“Is your eye evil because I am good?” –A literal translation of Matt 20:15b.
Sometimes Bible translators have a tough call to make. The second-last verse of today’s Gospel reading is a good example of that (Matthew 20:15). The New American Bible version, the one U.S. Catholic churches use in the liturgy, translates that one this way: “Are you envious because I am generous?” It’s what the landowner says to the workers who are angry when, and the end of the day, he pays them no more than what he paid to the workers hired on at “eleventh hour”—namely, a denarius, the usual pay for a day’s labor, the amount they agreed upon when he had hired them that morning. Understandably, those who had borne the heat and burden of the day resented what they perceived as the unfairness of the landowner’s generosity to the late hires. And the landowner says, “Am I not free to do as I wish with what is my own. Is your eye evil because I am good?”
To our North American, 21st-century ears, that’s a pretty mysterious saying. So you can see why the translators rendered it as they did: “Are you envious because I am generous?” And that is the basic idea. But I love the cultural background to the “evil eye” talk. You see, in the ancient Middle East, and even today in some places, they thought that the eye of an envious person actually becomes in some sense actively evil, capable of doing harm to the ones who came under the gaze of a person with such an envious eye. (That is actually reflected in the etymology of an older meaning of the word “invidious” as “envious”; you can guess that the video root has something to do with looking.) That sounds like a silly superstition to us. But think about it. The gaze of a really envious person really is a potentially harmful thing. A sufficiently envious person can really get invidious and may act it out by stealing from or injuring the person he envies. That’s what gives the literal statement of the landowner a particular punch that gets lost in the translation. The full-day workers, with the contracted, just wage in their pockets are so resentful about the unexpected generosity of the landowner that their have become dangerously envious, and the landowner tells them as much straight to their face. The parable may even have tricked us into sympathizing with their resentment.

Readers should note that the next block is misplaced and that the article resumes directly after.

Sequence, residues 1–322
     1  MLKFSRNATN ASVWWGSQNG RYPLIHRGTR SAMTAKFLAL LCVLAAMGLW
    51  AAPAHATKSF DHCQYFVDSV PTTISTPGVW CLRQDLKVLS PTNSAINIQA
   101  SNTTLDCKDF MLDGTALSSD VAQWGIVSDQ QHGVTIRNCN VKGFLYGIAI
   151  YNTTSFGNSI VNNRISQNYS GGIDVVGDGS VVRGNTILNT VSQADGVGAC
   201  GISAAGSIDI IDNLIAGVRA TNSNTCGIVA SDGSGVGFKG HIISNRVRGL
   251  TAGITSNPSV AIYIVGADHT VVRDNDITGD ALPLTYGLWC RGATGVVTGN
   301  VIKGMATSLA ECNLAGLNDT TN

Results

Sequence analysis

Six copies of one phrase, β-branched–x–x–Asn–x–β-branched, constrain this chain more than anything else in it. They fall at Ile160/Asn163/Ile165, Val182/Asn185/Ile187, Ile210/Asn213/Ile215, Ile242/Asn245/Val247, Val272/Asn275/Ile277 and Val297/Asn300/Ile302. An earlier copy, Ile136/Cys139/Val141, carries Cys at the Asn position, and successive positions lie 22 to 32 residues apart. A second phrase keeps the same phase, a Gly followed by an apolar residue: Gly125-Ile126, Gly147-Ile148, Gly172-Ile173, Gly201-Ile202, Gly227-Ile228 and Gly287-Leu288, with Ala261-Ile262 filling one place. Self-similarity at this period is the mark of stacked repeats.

And what’s the point? Well, if the parable’s introduction is to be taken seriously—“The kingdom of God is like . . .”—then the landowner likely represents the ultimate “landowner”—God. And the surprise ending drives home the point that the generosity of God far outstrips our petty human sense of “fairness.” The divine fact is that everything does indeed belong to God and our share in God’s creation is pure gift, nothing we earn. Once we let that really sink in and allow our lives to be motivated by thanksgiving for that generosity, we can get over our fussy comparisons of ourselves and others and avoid the nasty rivalries that lead to the “evil eye” of resentment and the kind of endless and irrational desires that can lead to violence.
From the evil eye of envy, deliver us, O Lord.
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